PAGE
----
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Settling Disputes: Settling “All Claims” Includes Unknown Claims Related To Fraud – Professional Negligence


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In a recent judgment, the Court of Appeal ruled that an agreement for the
settlement of “all and any claims”
extended to
unknown claims based on dishonesty and fraud. This is despite the
release failing to expressly refer to such claims. In dismissing
the claimant’s appeal, the Court emphasised that the usual
principles of contractual construction apply to settlement
agreements and reiterated that there is no rule of law that express
words are required in order to release claims in fraud. In this
update, we consider the implications of this ruling and the
importance of carefully considering the drafting of such


In this case, the claimant company (MRL) purchased a collection
of 71 classic cars valued at over €150 million. MRL purchased
the cars with the intention of selling them on for a profit at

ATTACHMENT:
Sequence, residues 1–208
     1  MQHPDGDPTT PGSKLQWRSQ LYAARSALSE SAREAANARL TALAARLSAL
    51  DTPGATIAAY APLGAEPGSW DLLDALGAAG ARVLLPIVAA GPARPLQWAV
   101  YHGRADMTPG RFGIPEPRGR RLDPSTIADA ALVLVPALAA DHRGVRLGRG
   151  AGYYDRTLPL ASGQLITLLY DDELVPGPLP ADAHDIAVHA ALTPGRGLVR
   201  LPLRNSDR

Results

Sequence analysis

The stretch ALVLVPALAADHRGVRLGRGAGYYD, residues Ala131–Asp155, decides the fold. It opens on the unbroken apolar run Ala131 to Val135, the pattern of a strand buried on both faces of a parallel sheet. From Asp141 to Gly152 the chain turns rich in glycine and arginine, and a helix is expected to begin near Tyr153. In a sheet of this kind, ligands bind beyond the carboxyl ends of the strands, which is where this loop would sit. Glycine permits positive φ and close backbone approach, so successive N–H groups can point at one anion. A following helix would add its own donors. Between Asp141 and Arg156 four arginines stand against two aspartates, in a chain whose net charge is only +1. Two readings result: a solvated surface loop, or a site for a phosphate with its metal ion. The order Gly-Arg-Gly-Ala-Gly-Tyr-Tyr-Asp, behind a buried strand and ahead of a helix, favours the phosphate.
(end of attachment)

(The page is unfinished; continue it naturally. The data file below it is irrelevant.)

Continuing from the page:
auction. MRL financed the deal by borrowing €90 million from
the first defendant. It was agreed that the cars would be sold via
the third and second defendants, Bonhams auction house (Bonhams).
In total, 25 cars remained unsold and €35 million remained
outstanding under the facility agreement.

MRL claimed that the total amount raised was less than the
assurances given by Bonhams and argued wrongdoing in the conduct of
the auction. MRL wrote to Bonhams setting out its claim for in
excess of £20 million for negligence and breach of
contractual and common law duties in relation to the conduct of the
auction. Although the pre-action letter was focused on allegations
of negligence and breach of duty, the letter also made allegations
of duress, bad faith and illegality, and that Bonhams had acted in
its own interest, rather than in the interests of MRL. Following
negotiations, the parties entered into a settlement agreement by
which MRL released the defendants from “all claims, causes of
action, rights or other interests (whether present, actual,
prospective or contingent, whether or not known to the Parties at
the date of [the] Agreement…)”. Crucially, the definition of
‘claims’ did not explicitly refer to claims of fraud or